Scenes from the film were later incorporated in the American propaganda film The Battle of Russia.


Teutonic knights take over Pskov

Alexander Nevsky is less experimental in its narrative structure than Eisenstein's previous films: it tells one story with a single narrative arc and focuses on one main character. The special effects and cinematography were some of the most advanced at the time.[3]

The film was the first of Eisenstein's dramatic films to use sound. (The earlier Bezhin Meadow, had also used sound, but production was shut down and most of the finished scenes were destroyed.) The film's score was composed by Sergei Prokofiev, who later reworked the score into a concert cantata. Prokofiev viewed the film's rough cut as the first step in composing its inimitable score. The strong and technically innovative collaboration between Eisenstein and Prokofiev in the editing process resulted in a match of music and imagery that remains a standard for filmmakers.

The film climaxes in the half-hour Battle of the Ice, propelled by Prokofiev's ominous, rousing, triumphant musical narrative, a sequence that has served as a model for epic movie battles ever since (e.g., Spartacus, The Empire Strikes Back). Valery Gergiev, the principal conductor of the London Symphony Orchestra, has stated his opinion that Prokofiev's music for this film is "the best ever composed for the cinema".


In the 1990s a new, cleaner print became available. A number of symphony orchestras gave performances of Prokofiev's cantata, synchronized with a showing of the new print. The New York Philharmonic,[4] the Detroit Symphony Orchestra, the San Francisco Symphony, and the Philadelphia Orchestra are four such ensembles. The concerts were quite popular, because Prokofiev's music is badly degraded by the original soundtrack recording, which suffers from extreme distortion and limited frequency response, as well as cuts to the original score to fit scenes that had already been shot. The cantata not only restored cuts but considerably expanded parts of the score.

New edition of the film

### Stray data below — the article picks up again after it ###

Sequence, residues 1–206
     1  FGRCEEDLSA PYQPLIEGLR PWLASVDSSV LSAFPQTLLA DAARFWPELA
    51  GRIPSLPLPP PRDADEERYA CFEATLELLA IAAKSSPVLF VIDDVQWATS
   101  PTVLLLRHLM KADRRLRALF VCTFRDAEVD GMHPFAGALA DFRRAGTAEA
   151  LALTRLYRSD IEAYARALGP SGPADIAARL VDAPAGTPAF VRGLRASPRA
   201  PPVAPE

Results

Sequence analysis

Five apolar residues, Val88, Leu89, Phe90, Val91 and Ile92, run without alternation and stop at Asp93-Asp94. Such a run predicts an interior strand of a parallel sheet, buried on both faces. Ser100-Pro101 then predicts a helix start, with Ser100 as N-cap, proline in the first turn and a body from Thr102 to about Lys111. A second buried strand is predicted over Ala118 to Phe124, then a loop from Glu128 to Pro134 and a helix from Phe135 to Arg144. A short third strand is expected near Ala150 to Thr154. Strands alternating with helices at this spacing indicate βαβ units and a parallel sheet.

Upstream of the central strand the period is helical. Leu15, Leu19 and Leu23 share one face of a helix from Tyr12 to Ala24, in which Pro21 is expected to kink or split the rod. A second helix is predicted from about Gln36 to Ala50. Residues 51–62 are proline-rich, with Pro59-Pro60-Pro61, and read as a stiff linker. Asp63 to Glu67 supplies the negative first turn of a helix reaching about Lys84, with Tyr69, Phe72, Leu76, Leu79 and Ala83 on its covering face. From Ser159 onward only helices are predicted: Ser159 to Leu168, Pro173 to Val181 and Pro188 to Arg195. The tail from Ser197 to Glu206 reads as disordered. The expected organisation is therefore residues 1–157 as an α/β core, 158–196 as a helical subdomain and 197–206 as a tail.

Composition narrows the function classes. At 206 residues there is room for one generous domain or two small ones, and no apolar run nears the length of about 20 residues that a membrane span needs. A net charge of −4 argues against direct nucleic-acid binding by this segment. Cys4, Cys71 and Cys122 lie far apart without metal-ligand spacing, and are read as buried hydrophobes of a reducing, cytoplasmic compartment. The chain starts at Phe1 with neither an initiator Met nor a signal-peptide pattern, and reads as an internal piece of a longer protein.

In 1995, a new edition of the film was issued on VHS and laserdisc, for which Prokofiev's score was entirely re-recorded in hi-fi digital stereo by Yuri Temirkanov conducting the St. Petersburg Philharmonic Orchestra and Chorus, although the dialogue portions of the soundtrack were left unchanged. This enabled a new generation to experience Eisenstein's film and Prokofiev's score in high fidelity, rather than having to settle for the badly recorded musical portion that had existed since the film's original release. Regrettably, there is no version of the re-recorded score available on DVD.

In popular culture

Several films have scenes strongly influenced by the Battle of Lake Peipus, including Doctor Zhivago (1965), Mulan (1998), and King Arthur (2004).

The Tom Clancy novel Red Storm Rising depicted two American intelligence officers watching Alexander Nevsky (pirating the Soviet state television satellite feed) on the eve of World War III. The officers took note of the film's improved sound track as well as its anti-German sentiment and strong sense of Russian (as opposed to Soviet) nationalism. The next day, as part of a plot to split the NATO alliance politically, KGB agents detonated a bomb in the Kremlin and arrested a West German sleeper agent on charges of terrorism. While airing Nevsky immediately prior to the bombing may have been intended to inflame the Soviet population in favor of war with the West, the timing of the two events led the Americans to suspect the plot.

Ralph Bakshi's 1977 film Wizards rotoscoped footage of the ice-battle scene from Nevsky to create parts of Blackwolf's mutant army.

The movie makes a brief appearance in the 1984 war film Red Dawn. When the protagonists return to their hometown occupied by the Soviet army, Alexander Nevsky is the only movie available at the local cinema.


  1. ^ Unspecified (1998) and two elaborated swastikas do appear on the miter of the bishop of the Holy Roman Empire, who supervises his fighting German lackeys from just behind the lines. Eisenstein's Symphonic Vision. In Alexander Nevsky [DVD liner notes]. Chatsworth: Image Entertainment.
  2. ^ Tatara, Paul. "Review - Alexander Nevsky"
  3. ^ A. Tommassini, "MUSIC IN REVIEW; Alexander Nevsky" New York Times October 21, 2006. "To fortify popular sentiment against the Germans, Soviet officials asked Eisenstein to make a film commemorating the victory of the Russian prince Alexander Nevsky over the marauding Knights of the Teutonic Order from Germany in 1242."
  4. ^ A. Tommassini, "MUSIC IN REVIEW; Alexander Nevsky" New York Times October 21, 2006. "the home of the New York Philharmonic has been temporarily turned into a movie house to present screenings of Sergei Eisenstein's 1938 epic, Alexander Nevsky."